If input keywords do not map onto the tree graph to form a complete path, the system solicits additional keywords from the user by way of a prompt. Additional keywords are processed in the same fashion until the system can reasonably determine the content of the spoken utterance.
In the event several leaf nodes are mapped into the tree, the system identifies other nodes and determines the path based on some method to be the most likely. The determination of the most likely path is based on probabilistic considerations discussed below. If there is no leaf node mapped, the system prompts the user for more input in an attempt to identify at least one leaf node.
By iterative querying, and using probability theory, the method seeks to obtain a sufficient number of keywords such that a string of keywords that has been pre-specified to form a sentence can be recognized by the system. If such a number of keywords can be obtained from the user, the system outputs a response that is appropriate to the detected sentence.
The method can be enhanced to include context sensitive query interpretation. Context from a previous query can be used to process subsequent queries. This may be done by storing the path that satisfied the last query and treating it as if all nodes from that particular path were marked. Nodes that were not previously marked on a path would be assigned static probability values based on past experience gathered by the input device while all other nodes would be EMS assigned the same dynamic probability values as before. New input would be requested from the user and the process described above would be repeated until the point where paths are sought to be determined. The last path of the marked tree nodes from the root to the leaf which was successful in the previous execution of the method is checked to determine whether one or more possible connections can be made from the last successful path to the marked nodes from current utterance, i.e., we seek to determine whether or not the marked tree nodes of the current utterance can be reached from a higher node other than the root of the past successful path. If such connection(s) can be made nodes are then marked on the previously successful path between the root and the connection point as nodes in the path(s) under consideration. The method is resumed and executed as described above.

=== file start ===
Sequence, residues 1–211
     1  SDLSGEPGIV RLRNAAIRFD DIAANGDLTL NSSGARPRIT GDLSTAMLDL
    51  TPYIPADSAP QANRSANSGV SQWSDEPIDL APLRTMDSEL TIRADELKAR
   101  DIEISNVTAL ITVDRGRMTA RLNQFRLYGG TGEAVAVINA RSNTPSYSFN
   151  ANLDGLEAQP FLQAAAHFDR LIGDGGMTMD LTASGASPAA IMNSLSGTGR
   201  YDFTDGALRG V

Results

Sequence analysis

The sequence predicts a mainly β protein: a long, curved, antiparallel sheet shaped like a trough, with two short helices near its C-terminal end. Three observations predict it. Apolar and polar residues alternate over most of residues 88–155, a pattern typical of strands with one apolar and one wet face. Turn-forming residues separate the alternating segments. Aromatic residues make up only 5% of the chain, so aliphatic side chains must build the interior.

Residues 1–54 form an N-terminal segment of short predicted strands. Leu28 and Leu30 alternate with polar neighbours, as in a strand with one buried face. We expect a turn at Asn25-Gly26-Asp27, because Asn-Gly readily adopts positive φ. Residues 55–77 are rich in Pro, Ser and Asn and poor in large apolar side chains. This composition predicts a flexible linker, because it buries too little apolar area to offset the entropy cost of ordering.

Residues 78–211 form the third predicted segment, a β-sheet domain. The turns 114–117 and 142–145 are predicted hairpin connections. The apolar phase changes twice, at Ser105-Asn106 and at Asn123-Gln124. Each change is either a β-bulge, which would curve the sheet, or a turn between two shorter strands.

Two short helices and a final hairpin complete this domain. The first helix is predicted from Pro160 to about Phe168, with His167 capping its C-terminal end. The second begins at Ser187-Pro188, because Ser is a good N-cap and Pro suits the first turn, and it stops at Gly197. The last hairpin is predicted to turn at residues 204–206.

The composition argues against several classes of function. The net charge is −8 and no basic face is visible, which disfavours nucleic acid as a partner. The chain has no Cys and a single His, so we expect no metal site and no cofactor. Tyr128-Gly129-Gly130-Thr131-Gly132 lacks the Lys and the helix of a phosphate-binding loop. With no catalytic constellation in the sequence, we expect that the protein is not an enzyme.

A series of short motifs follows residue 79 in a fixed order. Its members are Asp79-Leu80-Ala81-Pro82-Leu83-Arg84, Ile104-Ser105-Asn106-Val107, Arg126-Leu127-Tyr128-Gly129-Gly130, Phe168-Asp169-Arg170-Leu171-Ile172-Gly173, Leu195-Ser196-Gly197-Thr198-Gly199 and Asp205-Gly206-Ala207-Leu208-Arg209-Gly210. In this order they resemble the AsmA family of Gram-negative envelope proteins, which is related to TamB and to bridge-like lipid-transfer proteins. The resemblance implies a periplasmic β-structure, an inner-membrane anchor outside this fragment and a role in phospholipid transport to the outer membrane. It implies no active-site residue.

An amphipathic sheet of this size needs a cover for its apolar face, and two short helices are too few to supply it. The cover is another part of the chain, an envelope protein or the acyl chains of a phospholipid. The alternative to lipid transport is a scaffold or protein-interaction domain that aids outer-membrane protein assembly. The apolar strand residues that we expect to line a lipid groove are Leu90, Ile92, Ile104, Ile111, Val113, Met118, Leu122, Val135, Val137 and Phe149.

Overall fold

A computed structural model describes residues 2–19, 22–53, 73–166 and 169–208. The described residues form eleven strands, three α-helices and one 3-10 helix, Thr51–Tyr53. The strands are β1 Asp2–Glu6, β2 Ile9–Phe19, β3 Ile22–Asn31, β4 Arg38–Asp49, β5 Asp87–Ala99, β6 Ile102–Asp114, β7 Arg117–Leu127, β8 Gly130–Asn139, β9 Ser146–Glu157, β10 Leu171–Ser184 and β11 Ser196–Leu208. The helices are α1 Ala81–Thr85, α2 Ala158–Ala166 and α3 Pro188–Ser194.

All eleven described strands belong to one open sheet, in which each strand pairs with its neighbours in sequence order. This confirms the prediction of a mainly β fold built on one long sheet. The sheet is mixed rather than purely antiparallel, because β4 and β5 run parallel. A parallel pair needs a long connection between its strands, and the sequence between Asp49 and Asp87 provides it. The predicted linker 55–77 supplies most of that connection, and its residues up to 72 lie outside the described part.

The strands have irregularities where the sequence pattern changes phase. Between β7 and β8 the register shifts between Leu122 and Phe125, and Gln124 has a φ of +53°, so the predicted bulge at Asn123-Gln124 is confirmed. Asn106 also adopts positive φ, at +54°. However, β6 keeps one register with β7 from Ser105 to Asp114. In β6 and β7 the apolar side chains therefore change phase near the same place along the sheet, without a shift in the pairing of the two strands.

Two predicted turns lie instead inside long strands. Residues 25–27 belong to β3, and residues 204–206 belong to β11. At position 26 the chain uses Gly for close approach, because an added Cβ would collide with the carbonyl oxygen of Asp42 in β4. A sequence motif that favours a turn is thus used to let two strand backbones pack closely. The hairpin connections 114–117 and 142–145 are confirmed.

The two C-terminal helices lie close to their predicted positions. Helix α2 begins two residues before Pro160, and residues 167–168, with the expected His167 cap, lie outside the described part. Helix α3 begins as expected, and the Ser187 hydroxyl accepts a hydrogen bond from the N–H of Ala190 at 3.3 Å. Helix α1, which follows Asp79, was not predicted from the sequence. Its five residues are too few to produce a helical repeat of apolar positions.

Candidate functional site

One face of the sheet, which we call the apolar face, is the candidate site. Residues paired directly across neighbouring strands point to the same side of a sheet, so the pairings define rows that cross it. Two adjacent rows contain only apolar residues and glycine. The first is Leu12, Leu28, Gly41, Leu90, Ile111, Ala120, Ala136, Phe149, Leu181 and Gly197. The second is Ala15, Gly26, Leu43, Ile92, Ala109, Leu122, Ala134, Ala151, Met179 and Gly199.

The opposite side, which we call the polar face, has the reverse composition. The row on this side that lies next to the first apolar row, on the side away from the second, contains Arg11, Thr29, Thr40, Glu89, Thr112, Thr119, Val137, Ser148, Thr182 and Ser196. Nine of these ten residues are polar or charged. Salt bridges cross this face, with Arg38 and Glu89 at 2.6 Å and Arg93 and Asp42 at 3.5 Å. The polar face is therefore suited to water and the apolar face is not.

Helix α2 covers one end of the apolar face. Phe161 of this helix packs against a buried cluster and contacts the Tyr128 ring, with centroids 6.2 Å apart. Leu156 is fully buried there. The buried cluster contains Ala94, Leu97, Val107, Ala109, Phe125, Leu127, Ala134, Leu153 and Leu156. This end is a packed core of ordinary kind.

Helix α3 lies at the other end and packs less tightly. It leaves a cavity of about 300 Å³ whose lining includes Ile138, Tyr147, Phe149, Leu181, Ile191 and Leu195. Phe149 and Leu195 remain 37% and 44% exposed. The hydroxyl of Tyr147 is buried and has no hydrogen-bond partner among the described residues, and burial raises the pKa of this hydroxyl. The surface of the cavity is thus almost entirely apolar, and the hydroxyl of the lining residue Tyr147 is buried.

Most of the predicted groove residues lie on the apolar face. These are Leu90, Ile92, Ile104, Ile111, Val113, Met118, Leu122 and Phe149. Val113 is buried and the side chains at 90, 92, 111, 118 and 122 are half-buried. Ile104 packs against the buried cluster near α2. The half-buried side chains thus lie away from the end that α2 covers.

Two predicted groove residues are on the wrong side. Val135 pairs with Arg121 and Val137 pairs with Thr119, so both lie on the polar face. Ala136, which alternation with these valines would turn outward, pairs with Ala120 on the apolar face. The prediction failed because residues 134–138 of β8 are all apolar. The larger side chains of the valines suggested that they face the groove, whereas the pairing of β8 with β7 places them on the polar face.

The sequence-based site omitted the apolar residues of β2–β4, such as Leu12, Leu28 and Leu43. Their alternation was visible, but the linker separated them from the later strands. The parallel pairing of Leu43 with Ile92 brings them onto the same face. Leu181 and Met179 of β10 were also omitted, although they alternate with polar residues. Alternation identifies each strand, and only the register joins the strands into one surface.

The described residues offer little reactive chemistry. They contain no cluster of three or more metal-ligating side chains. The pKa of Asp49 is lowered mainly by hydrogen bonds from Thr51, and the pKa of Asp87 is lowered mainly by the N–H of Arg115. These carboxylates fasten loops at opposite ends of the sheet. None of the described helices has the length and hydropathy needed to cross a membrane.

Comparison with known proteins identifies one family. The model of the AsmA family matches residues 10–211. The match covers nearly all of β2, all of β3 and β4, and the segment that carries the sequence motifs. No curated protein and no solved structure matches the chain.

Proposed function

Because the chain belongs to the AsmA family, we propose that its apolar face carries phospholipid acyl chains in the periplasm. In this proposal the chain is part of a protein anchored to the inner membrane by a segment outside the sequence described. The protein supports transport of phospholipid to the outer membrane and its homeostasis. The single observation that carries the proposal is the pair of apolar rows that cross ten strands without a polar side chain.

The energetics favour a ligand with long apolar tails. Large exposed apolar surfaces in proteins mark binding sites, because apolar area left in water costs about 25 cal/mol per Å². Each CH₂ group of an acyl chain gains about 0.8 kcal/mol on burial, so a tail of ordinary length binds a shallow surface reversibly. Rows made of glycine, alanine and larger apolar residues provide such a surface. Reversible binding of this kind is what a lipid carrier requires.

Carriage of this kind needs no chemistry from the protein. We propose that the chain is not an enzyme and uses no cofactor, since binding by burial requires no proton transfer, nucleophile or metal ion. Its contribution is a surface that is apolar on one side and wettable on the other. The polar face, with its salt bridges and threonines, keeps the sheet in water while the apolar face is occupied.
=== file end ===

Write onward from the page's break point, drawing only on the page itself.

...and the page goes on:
With respect to FIG. 2, in implementation, a random access memory can store the predetermined numeric representations of recognizable words. Alternate embodiments might use EPROM, ROM, EEPROM, magnetic tape, CD-ROM or other means for storing data. Input speech 2-1 might be uttered into a microphone coupled to a general purpose digital computer to perform speech recognition 2-2 and the computations necessary to effectuate the aforementioned method. Other input sources could include a keyboard, mouse or pointing device, handwriting recognition devices, facsimile machines, optical character recognition software or devices, or output from a computer program, which might be directly coupled into the invention without the need for speech recognition, as shown in FIG. 2 by the broken line identified by reference numeral 2-3. Other computer means for computing might be employed, such as a digital signal processor for instance.
FIG. 9 is a source code listing of the NAWK programming language implementation of the construction of the data structures of FIGS. 4 and 5 as well as determining all paths in user utterances.
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|U.S. Classification||704/1, 704/246, 704/9, 704/257, 704/E15.026, 704/255, 704/251|
|International Classification||G10L15/00, G10L15/18|
|Cooperative Classification||G10L15/1822, G10L2015/088|
|22 Oct 1997||AS||Assignment|